Among the developing countries of the world, those emerging markets that have sought some degree of integration into world finance are characterized by higher per capita incomes, higher long-run growth rates, and lower output and consumption volatility. These characteristics are more likely to be causes than effects of financial integration. The measurable gains from financial integration appear to be lower for emerging markets than for higher-income countries, and appear to have been limited by recent crises. One factor limiting the gains from financial integration is the difficulty emerging economies face in resolving the open-economy trilemma. Given their structural and institutional features, many emerging economies cannot live comfortably either with fixed or with freely floating exchange rates. Most recently, the exchange rates of several emerging countries display attempts at stabilization punctuated by high volatility in periods of market stress.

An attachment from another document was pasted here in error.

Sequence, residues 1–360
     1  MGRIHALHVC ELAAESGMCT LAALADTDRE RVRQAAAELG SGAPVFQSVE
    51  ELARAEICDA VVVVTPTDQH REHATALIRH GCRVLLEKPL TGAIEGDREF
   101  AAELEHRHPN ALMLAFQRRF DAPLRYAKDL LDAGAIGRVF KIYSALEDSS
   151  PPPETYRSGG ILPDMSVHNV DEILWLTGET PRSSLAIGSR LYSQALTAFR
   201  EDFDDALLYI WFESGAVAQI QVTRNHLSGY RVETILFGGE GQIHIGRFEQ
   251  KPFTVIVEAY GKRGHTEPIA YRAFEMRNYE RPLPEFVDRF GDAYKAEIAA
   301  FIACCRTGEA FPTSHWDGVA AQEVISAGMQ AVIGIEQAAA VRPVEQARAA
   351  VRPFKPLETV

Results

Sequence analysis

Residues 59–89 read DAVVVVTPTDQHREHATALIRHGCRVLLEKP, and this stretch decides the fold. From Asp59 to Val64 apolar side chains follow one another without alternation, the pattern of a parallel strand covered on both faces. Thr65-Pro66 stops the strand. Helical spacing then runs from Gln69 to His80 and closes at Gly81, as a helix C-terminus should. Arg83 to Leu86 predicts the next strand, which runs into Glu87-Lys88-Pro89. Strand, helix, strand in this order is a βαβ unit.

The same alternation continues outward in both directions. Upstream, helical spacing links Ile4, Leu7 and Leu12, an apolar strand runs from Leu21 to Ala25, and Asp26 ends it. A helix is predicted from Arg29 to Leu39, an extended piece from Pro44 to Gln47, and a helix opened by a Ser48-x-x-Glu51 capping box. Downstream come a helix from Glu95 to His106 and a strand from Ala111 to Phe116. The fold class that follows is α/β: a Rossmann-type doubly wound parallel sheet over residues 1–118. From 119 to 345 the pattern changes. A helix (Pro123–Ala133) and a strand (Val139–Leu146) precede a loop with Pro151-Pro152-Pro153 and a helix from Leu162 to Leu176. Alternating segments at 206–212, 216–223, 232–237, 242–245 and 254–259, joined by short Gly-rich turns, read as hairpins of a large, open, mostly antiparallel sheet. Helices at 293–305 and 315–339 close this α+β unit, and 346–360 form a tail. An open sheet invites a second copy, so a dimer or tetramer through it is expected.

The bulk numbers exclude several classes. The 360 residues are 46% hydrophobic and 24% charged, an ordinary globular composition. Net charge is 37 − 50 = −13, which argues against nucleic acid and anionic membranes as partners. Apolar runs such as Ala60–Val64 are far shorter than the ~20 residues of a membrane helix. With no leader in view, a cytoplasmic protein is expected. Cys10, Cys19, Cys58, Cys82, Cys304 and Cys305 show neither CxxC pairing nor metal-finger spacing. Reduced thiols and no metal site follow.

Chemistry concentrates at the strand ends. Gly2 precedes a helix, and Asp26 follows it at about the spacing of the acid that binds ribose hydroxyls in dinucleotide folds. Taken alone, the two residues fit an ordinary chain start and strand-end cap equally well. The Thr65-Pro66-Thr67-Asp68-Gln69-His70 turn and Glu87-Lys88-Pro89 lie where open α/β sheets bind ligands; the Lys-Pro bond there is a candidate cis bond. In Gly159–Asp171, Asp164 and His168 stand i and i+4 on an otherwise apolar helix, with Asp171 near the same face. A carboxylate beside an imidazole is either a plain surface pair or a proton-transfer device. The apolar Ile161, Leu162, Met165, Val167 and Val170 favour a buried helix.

Keywords: Developing Countries, Emerging Markets, Convergence, Macroeconomic Volatility, Exchange-rate Regimes, Institutions, Dollarization, Original Sin.
Views expressed in the paper are those of the authors and do not necessarily reflect those of the Bank of Japan or Institute for Monetary and Economic Studies.